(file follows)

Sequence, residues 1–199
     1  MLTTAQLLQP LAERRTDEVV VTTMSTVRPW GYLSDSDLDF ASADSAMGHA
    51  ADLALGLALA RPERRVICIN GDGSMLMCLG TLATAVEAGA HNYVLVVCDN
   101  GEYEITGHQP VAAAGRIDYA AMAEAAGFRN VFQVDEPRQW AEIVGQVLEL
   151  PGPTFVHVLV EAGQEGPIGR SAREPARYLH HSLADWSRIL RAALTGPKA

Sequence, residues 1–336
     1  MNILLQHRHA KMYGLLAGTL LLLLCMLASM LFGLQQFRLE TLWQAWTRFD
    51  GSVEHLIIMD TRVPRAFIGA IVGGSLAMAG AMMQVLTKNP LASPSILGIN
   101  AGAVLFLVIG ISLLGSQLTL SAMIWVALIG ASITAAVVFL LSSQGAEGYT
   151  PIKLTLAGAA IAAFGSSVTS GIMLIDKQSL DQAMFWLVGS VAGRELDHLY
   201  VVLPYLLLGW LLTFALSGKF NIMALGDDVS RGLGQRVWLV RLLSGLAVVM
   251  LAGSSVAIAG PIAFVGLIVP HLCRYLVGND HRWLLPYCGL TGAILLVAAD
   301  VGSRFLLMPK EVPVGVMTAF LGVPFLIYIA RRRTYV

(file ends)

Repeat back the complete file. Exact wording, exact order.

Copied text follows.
Sequence, residues 1–199
     1  MLTTAQLLQP LAERRTDEVV VTTMSTVRPW GYLSDSDLDF ASADSAMGHA
    51  ADLALGLALA RPERRVICIN GDGSMLMCLG TLATAVEAGA HNYVLVVCDN
   101  GEYEITGHQP VAAAGRIDYA AMAEAAGFRN VFQVDEPRQW AEIVGQVLEL
   151  PGPTFVHVLV EAGQEGPIGR SAREPARYLH HSLADWSRIL RAALTGPKA

Sequence, residues 1–336
     1  MNILLQHRHA KMYGLLAGTL LLLLCMLASM LFGLQQFRLE TLWQAWTRFD
    51  GSVEHLIIMD TRVPRAFIGA IVGGSLAMAG AMMQVLTKNP LASPSILGIN
   101  AGAVLFLVIG ISLLGSQLTL SAMIWVALIG ASITAAVVFL LSSQGAEGYT
   151  PIKLTLAGAA IAAFGSSVTS GIMLIDKQSL DQAMFWLVGS VAGRELDHLY
   201  VVLPYLLLGW LLTFALSGKF NIMALGDDVS RGLGQRVWLV RLLSGLAVVM
   251  LAGSSVAIAG PIAFVGLIVP HLCRYLVGND HRWLLPYCGL TGAILLVAAD
   301  VGSRFLLMPK EVPVGVMTAF LGVPFLIYIA RRRTYV